Gretchen Goes Home In A Beautiful ‘You’re The Worst’ Showcase

A review of tonight’s You’re the Worst coming up just as soon as I eat this entire jar of cat food…

The Stephen Falk-written, Tamra Davis-directed “Not A Great Bet” is an episode that, at least for now, exists outside of any of this year’s story arcs. Gretchen is the only regular character to appear, and she goes back to her hometown not to get away from drama with Jimmy or Boone, but simply because her sister is about to give birth. Even more than many of the show’s other format-busting episodes, it feels like a short story snuck into the middle of the book that is its season.

But what a wonderfully-told and sad story it turns out to be!

Because we only know what Gretchen knows, and are seeing the episode from her point of view, we’re conditioned to believe what she does about her old friend Heidi (Zosia Mamet, terrific playing a much quieter character than Shosh on Girls): that they were BFFs until Heidi’s leukemia got too bad, that Gretchen ghosted her, and that this trip has now turned into an opportunity to set things right after all these years apart.

But everything seems slightly off about this version from the start. Heidi — who, to Gretchen’s surprise, beat her disease and is alive, well, and running the local roller rink (which gives Davis the opportunity to shoot several lovely choreographed roller-dance scenes) — acts neither overjoyed at the reunion, nor bitter over the events of their separation and the fact that it never occurred to Gretchen to look her up until now. The two have very different memories of their childhood, and about their plans for the roller rink itself, and Heidi seems to be going along with the whole evening because it’s just something new to do in a life that’s otherwise become routine and difficult. It’s not wholly apparent at first, because Gretchen in general tends to steamroll whomever’s in front of her, but the little evidence keeps mounting until the supremely uncomfortable moment in the abandoned diner, where one of the teenage boys calls Gretchen’s bluff about eating cat food in exchange for oral sex. Gretchen keeps looking to Heidi to save her, and Heidi’s not obliging — not out of a desire for some petty revenge over Gretchen abandoning her during her hour of need all those years before, but because she just doesn’t care that much about Gretchen, one way or the other, as she finally explains when they’re walking home at dawn following a car chase and a scarecrow collision.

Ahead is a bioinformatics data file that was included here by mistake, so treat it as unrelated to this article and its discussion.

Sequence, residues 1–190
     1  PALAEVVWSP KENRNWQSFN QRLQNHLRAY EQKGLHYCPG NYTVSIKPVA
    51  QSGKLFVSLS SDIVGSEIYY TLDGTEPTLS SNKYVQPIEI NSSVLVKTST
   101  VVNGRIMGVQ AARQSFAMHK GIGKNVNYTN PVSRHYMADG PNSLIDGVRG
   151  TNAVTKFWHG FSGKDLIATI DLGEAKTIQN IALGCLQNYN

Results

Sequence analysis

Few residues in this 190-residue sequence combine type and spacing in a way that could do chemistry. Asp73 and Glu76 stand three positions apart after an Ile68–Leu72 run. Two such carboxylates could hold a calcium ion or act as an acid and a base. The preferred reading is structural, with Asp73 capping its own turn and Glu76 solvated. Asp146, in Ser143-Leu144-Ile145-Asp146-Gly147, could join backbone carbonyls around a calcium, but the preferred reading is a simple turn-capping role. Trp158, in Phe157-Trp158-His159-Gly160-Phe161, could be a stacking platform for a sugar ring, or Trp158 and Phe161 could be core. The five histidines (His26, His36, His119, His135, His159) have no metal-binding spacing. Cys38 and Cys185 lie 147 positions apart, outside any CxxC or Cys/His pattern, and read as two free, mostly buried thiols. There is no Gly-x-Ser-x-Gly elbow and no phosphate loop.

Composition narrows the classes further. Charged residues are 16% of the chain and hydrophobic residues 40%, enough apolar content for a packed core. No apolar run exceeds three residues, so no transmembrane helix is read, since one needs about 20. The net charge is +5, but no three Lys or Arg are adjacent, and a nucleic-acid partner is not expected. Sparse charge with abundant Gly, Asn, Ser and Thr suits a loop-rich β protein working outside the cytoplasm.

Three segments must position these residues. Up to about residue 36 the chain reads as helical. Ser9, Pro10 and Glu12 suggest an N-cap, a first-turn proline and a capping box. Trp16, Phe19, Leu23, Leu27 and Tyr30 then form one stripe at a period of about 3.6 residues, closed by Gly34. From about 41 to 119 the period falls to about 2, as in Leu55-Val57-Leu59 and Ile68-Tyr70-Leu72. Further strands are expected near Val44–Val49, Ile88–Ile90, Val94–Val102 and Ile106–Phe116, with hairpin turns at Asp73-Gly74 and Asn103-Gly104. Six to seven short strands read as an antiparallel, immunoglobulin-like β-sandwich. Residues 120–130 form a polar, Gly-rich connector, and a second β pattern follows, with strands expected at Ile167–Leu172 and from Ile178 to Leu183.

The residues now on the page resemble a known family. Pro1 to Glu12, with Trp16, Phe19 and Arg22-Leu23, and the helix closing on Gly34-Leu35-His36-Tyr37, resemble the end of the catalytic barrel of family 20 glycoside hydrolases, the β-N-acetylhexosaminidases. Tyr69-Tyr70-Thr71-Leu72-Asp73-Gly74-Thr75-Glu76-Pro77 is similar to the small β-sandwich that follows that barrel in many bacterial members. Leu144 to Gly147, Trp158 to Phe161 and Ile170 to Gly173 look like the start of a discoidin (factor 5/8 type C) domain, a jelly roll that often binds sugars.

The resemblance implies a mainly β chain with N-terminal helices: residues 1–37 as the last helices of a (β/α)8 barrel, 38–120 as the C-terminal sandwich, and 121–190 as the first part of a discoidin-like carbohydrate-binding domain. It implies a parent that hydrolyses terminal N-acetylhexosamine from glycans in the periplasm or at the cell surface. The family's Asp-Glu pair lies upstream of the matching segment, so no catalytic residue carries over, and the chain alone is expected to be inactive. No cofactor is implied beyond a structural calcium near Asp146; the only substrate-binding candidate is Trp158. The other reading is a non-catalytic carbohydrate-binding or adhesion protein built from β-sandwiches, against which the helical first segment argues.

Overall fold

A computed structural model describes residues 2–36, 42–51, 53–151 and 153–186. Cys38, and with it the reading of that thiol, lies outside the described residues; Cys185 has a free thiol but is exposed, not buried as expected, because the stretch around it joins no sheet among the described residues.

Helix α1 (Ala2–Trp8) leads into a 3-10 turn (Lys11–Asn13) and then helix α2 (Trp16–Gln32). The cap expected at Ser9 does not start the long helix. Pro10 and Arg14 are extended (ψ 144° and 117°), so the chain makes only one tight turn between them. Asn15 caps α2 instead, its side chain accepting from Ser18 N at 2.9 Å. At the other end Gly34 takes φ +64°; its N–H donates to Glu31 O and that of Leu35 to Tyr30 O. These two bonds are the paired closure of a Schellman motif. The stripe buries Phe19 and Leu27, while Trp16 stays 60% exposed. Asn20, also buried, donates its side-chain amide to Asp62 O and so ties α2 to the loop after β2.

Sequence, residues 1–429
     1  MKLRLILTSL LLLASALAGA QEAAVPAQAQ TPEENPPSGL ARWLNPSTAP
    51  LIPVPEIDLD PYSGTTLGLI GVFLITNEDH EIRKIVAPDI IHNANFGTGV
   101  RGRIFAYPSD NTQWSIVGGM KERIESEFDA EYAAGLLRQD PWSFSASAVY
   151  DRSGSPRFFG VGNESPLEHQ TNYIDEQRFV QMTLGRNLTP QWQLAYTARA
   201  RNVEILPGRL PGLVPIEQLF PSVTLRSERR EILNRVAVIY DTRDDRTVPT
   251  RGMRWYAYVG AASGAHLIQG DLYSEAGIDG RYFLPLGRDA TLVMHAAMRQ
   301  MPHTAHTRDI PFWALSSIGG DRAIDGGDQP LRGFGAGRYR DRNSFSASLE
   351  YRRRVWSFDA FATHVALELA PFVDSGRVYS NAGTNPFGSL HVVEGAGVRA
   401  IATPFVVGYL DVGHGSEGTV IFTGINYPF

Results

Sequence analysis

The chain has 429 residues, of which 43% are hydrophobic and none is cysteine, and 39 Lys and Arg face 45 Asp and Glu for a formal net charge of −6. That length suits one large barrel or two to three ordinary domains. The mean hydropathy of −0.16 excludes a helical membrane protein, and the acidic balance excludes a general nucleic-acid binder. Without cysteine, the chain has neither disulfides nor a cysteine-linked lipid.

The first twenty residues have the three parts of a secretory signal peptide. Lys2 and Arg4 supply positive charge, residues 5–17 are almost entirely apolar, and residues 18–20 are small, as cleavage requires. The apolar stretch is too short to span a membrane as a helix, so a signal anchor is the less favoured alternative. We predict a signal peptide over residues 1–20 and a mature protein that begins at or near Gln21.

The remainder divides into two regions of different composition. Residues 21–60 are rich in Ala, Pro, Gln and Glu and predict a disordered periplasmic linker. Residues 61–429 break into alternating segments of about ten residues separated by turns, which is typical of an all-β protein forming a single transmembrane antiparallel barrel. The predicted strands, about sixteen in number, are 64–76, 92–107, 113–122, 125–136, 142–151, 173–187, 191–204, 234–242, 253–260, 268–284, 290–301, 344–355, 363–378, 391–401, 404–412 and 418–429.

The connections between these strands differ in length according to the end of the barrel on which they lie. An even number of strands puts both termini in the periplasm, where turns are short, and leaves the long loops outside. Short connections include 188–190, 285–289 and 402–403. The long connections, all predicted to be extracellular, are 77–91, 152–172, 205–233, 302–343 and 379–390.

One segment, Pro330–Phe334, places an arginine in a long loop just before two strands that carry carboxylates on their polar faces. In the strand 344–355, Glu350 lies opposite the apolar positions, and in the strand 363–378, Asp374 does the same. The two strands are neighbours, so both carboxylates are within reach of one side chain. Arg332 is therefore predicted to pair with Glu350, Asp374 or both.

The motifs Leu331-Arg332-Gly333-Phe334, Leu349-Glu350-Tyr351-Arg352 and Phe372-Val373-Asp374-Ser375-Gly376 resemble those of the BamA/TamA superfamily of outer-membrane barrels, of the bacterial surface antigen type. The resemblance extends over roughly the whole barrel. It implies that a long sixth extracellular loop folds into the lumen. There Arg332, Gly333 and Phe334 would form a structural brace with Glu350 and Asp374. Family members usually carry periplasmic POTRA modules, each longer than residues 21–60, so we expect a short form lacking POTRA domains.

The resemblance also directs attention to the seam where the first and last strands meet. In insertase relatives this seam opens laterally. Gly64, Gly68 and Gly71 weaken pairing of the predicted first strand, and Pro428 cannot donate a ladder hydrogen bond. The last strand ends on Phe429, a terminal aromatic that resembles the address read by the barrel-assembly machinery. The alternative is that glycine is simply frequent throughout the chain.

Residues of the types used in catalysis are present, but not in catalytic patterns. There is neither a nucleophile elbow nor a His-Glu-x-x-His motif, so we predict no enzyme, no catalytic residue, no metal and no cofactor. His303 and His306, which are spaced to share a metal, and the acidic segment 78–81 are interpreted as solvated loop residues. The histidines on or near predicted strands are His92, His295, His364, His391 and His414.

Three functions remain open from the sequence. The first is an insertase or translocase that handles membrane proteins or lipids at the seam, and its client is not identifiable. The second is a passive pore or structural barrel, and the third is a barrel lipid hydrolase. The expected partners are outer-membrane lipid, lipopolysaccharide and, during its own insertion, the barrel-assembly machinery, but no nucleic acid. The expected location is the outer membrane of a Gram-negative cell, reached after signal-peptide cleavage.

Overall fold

If it’s not quite an M. Night Shyamalan-level twist for us, it certainly is for Gretchen, who has this very concrete idea in her head of who she is, who she was, and what mistakes she made along the way. She thought she was aware of all her sins and flaws, yet here’s Heidi explaining that she abandoned Gretchen because she decided she couldn’t trust the “shapeshifter” her friend had become. This fits with what we’ve seen of Gretchen over the years, particularly in the first episode featuring her parents, but it hits Gretchen like a thunderbolt. She has already been putting off her trip to the hospital, telling lies about when the flight got in, her luggage, the supply of cat food at the house, etc., all in the same affected tone of voice we’ve heard her use with mom and dad in the past. After Heidi calls her out for faking her way through relationships in her life, Gretchen can’t even bring herself to go into the room to meet her adorable baby niece, and simply smiles at her before leaving the eye drops behind and walks away from a family, and life, where she always felt so uncomfortable that she had to become someone else just to endure it.

“Not A Great Bet” is, like a lot of the best You’re the Worst, a deeply sad episode of TV, but one that gets away with it because of how well it understands the character at the center of the darkness, and how well it helps us understand, too. Aya Cash has mostly been in comic mode this year, and wonderful in that mode, but here she carries an entire episode without any of her usual co-stars, where Gretchen is myopic and self-destructive (and just plain destructive to those four kids who only wanted to talk and then get back to their AP History essay, and instead wind up drunk and arrested, one of them reeking of cat food), but also so vulnerable and hopeful for a return to this thing that she doesn’t even recognize was never real.

Beautiful, melancholy, great. Will any of this play into the Gretchen/Jimmy war when she returns to LA? I don’t know, and I’m not sure I care. This was enough, for now.

What did everybody else think?

Alan Sepinwall may be reached at He discusses television weekly on the TV Avalanche podcast. His next book, Breaking Bad 101, is on sale now.